Literary sorts can be dismissive of spec fic, suggesting that it's "just entertainment" and doesn't "enrich the mind."
Genre fiction sorts can be dismissive of literary fiction, suggesting that it's "navel-gazing" or "boring" or "self-indulgent."
They're both right and they're both wrong.
The worst of genre fiction can lack depth (though sometimes, a lack of depth is just what I need: I'm all for a good escapist read from time to time) and the worst of literary fiction can be eye-rollingly self-important.
Luckily, I try to read the best of both instead.
When I introduce myself as a speculative fiction author, people are often surprised how "well read" I am. That's another term that gets on my nerves, as it places a judgment on the value of what people read, suggesting that some books make you "well read" and others--well, I guess the opposite would be "poorly read"?
I help run the First Monday Classic Book Club at my library with another speculative fiction writer, , and more than one attendee has been surprised to discover kinds of things we write. James and I can talk with you about Les Miserables or Wolverine, whichever you'd prefer, or about how Jean Valjean and Logan share loner/hidden hero characteristics, as well as harboring secret physical gifts.
I was an English major, and my Master's degree is also in English. But, even before I started climbing that ivory tower, I was already a voracious reader.
I like to think of myself as omnivorous when it comes to books. I'll try reading anything. I wish more people would be a little more open to considering the value of other kinds of art.
I love comic books AND classic literature and this doesn't feel like a dichotomy to me.
Good story is good story. Compelling writing is compelling writing. A story about non-realistic things is just as likely to make me ponder deeply as one about realistic things. Maybe even more likely because it won't feel pedantic and un-artistically direct.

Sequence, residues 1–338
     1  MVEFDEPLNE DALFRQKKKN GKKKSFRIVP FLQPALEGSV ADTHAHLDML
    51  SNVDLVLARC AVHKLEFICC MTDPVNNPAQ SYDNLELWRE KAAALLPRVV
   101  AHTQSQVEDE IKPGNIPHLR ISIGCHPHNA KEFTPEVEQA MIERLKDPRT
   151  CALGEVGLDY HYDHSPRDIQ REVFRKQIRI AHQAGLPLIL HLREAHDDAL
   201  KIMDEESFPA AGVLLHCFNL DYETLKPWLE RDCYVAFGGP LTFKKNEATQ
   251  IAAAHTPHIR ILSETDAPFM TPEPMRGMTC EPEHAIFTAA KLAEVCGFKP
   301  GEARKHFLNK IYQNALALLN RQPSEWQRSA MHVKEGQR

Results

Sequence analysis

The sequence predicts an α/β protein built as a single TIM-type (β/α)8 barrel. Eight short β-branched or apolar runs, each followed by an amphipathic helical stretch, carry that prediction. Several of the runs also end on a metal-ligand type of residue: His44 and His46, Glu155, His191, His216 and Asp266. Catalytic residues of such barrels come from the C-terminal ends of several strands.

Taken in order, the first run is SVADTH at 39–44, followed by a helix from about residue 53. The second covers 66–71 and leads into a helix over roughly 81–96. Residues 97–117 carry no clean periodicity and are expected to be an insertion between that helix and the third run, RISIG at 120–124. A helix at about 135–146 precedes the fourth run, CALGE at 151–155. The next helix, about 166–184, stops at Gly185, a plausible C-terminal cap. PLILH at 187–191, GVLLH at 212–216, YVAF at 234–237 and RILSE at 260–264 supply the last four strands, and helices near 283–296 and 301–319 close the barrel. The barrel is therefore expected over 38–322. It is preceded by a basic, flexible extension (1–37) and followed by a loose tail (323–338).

And *so much* classic and literary fiction plays with speculative elements. Isn't "magical realism" just literary speak for "speculative fiction"? Isn't Margaret Atwood, Guggenheim Fellowship and Booker Award winner, also a winner of the Arthur C. Clarke Award and the author of one of the best dystopian works ever written? (Handmaid's Tale). Didn't Jane Eyre have a gothic moment when she heard her love cry to her across the distance? Isn't Mary Shelley's Frankenstein read by genre and literary fiction fans?
Isn't it time we set this one aside folks? Different strokes for different folks and my preferred reads aren't better than yours. There's no objective scale for measuring these things, and if we're going by the test of time and seeing what endures? There's a lot of both kinds of literature still kicking after all these years.
Do you find you have biases against certain kinds of books? Or regard them as lower quality because of genre alone? Do you run into those attitudes in your reading circles? I'd love to hear your thoughts in the comments.